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FDA: GE HealthCare EVair, EVair 03 Compressors Pose Potential Risk of Chemical Exposure
The warning, which pertains to the compressors use with certain ventilators, comes after the company issued an Urgent Medical Device Correction at the end of December.
January 17, 2024
2 Min Read
Sarah Silbiger / Stringer / Getty Images News via Getty Images
In a recent letter to healthcare providers, FDA warned of potential exposure to certain chemicals with the use of GE HealthCare’s EVair and EVair 03 (Jun-air) compressors with certain ventilators.
Compressors are optional accessories for ventilators and used when wall air is not available, which is atypical in most hospital settings. The EVair compressor is intended for use with a Carescape R860 ventilator as a supply of compressed air. The EVair 03 (Jun-air) compressor is intended for use with an Engström Carestation/Pro ventilator for the same purpose.
Originally issued as an Urgent Medical Device Correction on Dec. 29, 2023, GE Healthcare informed users that elevated levels of formaldehyde had been detected when EVair or EVair 03 compressors were used with the Carescape R860 or Engström Carestation/Pro ventilators, respectively. The elevated formaldehyde rates were observed in preliminary testing conducted at an “elevated room temperature of 40°C (104°F), at the lowest possible flow condition of 2 L/min (worst-case, minimum bias flow with no additional ventilation), and all of the gas being supplied from the compressor (ie, FiO2 of 21% / no supplemental oxygen),” according to the company.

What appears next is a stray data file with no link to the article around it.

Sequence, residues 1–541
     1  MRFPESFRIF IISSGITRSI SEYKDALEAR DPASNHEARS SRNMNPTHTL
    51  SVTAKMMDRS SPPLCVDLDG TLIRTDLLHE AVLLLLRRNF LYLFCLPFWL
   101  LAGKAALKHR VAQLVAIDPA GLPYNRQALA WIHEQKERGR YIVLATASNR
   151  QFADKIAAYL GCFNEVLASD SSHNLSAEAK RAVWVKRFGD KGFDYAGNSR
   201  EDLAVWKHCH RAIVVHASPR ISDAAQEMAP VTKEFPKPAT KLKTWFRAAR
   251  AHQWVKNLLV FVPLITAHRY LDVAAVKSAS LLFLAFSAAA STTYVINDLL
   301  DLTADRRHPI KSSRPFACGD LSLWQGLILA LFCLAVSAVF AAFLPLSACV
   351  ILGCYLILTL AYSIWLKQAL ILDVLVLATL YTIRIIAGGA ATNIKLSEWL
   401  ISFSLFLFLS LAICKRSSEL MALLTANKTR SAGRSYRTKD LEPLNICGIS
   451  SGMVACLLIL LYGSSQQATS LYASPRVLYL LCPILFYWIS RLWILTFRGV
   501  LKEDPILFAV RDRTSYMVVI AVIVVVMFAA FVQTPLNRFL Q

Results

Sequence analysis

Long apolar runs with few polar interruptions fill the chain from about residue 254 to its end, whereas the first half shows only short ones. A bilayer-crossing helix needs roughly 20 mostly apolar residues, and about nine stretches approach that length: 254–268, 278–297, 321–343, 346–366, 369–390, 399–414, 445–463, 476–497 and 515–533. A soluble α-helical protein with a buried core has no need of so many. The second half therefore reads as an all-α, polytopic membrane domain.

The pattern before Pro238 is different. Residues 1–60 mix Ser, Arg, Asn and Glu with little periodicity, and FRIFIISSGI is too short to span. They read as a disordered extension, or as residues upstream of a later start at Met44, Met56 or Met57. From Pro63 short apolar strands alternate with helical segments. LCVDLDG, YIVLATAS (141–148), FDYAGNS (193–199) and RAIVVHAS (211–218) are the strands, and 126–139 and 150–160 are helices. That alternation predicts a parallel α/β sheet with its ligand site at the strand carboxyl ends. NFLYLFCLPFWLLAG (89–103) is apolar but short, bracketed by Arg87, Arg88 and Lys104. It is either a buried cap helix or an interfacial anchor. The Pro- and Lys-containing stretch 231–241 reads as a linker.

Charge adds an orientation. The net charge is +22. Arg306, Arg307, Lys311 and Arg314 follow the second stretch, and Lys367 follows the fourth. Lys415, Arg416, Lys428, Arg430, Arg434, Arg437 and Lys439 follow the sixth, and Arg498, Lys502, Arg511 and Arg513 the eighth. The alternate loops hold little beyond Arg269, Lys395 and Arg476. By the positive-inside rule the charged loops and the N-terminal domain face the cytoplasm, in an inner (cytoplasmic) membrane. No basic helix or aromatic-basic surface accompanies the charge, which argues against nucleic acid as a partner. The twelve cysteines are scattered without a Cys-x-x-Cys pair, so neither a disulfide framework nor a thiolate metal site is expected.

Exposure to elevated levels of formaldehyde may lead to neurological impairment or respiratory issues including asthma, decreased lung function, inflammation, or irritation. This is particularly concerning for neonates and infants “who may have immature pulmonary function or other coexisting conditions,” according to the notice.
While the test conditions were not representative of typical clinical use conditions, the company said it is lowering the maximum room air temperature for operation of the compressors from 40°C (104°F) to 30°C (86°F) to reduce potential exposure to the chemical. Additionally, GE HealthCare is recommending medical providers not use EVair and EVair 03 compressors for neonatal and infant patients (zero to two years old).
The user manual will be updated with both the new operating conditions and indications to not use the compressors on zero- to two-year-old patients.
The company is continuing to evaluate the root cause of the chemical’s elevated levels and is working will FDA to conduct additional testing to further investigate the issue. FDA said it is not aware of any reports of adverse events due to the problem.
“Patient safety is our top priority," a GE HealthCare spokesperson told MD+DI. "Our testing was done in worst-case conditions that are not expected to occur in the clinical environment. However, we are taking a precautionary measure in providing customers with updated recommendations for use of GE HealthCare compressors with our ventilators. We are not aware of any patient injuries or adverse effects related to this potential issue.”
About the Author(s)
Managing Editor, MD+DI
Katie Hobbins is managing editor for MD+DI and joined the team in July 2022. She boasts multiple previous editorial roles in print and multimedia medical journalism, including dermatology, medical aesthetics, and pediatric medicine. She graduated from Cleveland State University in 2018 with a bachelor's degree in journalism and promotional communications. She enjoys yoga, hand embroidery, and anything DIY. You can reach her at [email protected].
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